The hustle-culture of today has made to-do lists popular. Every person uses them to keep track of the tasks they need to accomplish during the day. No matter what age you are and what you need your to-do lists for, the basic idea remains the same:
- Write a list of items you hope to accomplish during the day. You can do this the first thing in the morning or before sleeping on the previous night.
- When you get to each task, check them off your list.
These lists are a great way to achieve all that you want to without feeling lost, losing track of your most important task, and without burning out. But if you’re a complete beginner to this art of scheduling your tasks, how to go about it in a way that you can write a to-do list for yourself without feeling overwhelmed?
This post discusses everything you need to know about writing your to-do list and actually sticking to it.
1. Look at the bigger picture
While writing a to-do list, we often get carried away and start overplanning our day. You might end up writing more tasks than you can achieve. This might fill you with self-loathing and even less motivation to complete them than before.
To avoid such a thing from happening, look at the bigger picture. Work out your priorities and only write the most urgent things you can’t postpone. Keep your other commitments in mind, and don’t bite off more than you can chew.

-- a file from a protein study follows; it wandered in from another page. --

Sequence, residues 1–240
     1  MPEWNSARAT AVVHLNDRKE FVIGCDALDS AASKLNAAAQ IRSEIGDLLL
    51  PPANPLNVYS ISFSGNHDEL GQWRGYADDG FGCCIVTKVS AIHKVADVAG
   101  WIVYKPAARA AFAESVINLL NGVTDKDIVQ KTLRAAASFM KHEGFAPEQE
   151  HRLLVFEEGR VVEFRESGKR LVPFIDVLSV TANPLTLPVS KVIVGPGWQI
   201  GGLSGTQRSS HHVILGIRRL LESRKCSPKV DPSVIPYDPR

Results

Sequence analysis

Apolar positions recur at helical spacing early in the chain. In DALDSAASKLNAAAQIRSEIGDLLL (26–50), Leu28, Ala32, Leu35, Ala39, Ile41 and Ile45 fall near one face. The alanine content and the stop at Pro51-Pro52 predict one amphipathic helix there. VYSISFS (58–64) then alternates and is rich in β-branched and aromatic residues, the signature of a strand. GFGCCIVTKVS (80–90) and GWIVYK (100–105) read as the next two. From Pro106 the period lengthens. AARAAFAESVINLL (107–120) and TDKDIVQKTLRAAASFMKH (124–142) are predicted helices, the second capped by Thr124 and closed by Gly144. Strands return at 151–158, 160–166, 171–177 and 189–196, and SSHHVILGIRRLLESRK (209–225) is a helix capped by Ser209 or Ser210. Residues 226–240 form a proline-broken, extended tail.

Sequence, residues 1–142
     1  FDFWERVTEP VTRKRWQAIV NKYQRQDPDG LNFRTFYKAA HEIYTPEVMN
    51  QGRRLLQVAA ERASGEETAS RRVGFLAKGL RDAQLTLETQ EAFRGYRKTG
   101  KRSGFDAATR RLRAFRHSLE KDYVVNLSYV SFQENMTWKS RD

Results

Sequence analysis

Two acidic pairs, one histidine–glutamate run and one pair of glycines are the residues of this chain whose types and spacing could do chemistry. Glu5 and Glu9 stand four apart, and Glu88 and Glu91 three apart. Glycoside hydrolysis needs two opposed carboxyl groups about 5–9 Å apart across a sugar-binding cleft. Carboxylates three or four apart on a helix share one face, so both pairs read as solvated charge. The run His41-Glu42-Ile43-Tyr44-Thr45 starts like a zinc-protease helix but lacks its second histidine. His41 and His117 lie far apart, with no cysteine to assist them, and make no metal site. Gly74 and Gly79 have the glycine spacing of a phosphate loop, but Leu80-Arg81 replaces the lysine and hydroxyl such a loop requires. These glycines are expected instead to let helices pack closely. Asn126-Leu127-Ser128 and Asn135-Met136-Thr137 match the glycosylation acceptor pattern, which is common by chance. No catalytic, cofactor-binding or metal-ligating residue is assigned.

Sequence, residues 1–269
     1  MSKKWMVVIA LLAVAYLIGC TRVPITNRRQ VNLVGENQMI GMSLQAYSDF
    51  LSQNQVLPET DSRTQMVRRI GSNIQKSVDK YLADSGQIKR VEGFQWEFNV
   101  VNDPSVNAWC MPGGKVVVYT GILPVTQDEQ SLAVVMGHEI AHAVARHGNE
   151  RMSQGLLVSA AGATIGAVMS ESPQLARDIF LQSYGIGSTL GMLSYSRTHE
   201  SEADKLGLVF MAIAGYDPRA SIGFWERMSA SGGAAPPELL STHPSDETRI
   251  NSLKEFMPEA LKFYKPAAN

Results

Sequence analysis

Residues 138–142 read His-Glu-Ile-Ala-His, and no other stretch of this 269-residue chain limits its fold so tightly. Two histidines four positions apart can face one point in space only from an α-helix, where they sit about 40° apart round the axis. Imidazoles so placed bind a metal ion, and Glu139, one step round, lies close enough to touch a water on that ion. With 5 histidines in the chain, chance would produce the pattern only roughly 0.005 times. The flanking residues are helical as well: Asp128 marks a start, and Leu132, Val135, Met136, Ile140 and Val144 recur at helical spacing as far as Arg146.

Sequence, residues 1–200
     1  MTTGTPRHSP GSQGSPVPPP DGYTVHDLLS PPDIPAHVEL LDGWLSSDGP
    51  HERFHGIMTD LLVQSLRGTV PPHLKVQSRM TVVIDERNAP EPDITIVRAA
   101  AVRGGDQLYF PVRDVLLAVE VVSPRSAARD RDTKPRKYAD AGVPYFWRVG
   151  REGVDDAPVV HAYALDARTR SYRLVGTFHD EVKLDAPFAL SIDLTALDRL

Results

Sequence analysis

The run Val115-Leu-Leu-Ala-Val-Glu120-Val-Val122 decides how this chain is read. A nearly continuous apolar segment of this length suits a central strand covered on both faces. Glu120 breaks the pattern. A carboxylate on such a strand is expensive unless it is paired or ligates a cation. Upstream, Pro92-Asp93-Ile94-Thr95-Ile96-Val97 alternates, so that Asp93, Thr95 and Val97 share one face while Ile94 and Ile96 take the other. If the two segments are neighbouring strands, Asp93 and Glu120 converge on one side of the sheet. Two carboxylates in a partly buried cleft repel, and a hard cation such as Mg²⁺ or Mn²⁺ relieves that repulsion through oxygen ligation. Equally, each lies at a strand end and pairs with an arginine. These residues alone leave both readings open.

2. Add a structure to your lists
Your list will make less sense to you if it’s all jumbled up. For example, having a task like “walk 8000 steps” might make zero sense when placed next to something like, “write 10 pages of the Sociology assignment.”
When you write your to-do list, place similar tasks together. For example, if you plan to study and work and both of these activities can be completed at the same place, club them together and write them next to each other. Activities like “repair my phone” and “buy groceries for the kitchen” can be clubbed together as you’ll need to step out of the house to achieve them.
Having a structured and well-planned to-do list is much better than having a piece of paper jumbled with random tasks you have no motivation to complete.
3. Don’t bite off more than you can chew
Don’t get over-ambitious and plan more tasks than you can possibly achieve. Keep your to-do list to a manageable size and only fit in the tasks you’ll have time for.
Also, you might have some non-negotiables like working out, which need to be considered, even if you don’t include them in the to-do list because you’re so habituated to them don’t need a tracker to record your weekly progress.
4. Be specific
As they say, “The devil is in the details.” Add as many details of the tasks as possible and be as specific as you can get.
Something like “Study” doesn’t make much sense as you can study for ten pages and read through 50+ pages, but both would deserve the same spot on your to-do list. Instead, write something like “Complete Psychology assignment” so you can be sure that you have accomplished the task and there’s no room for ambiguity.
5. Get an accountability partner
When you have someone to hold you accountable and keep track of your progress, the journey towards being a regular writer and follower of to-do lists becomes easier and less tedious. You can hire an accountability coach to help you get back on track if you ever fall off the wagon. You can also download a habit tracker to mark the days on the calendar when you managed to stick to your habit of writing a to-do list daily.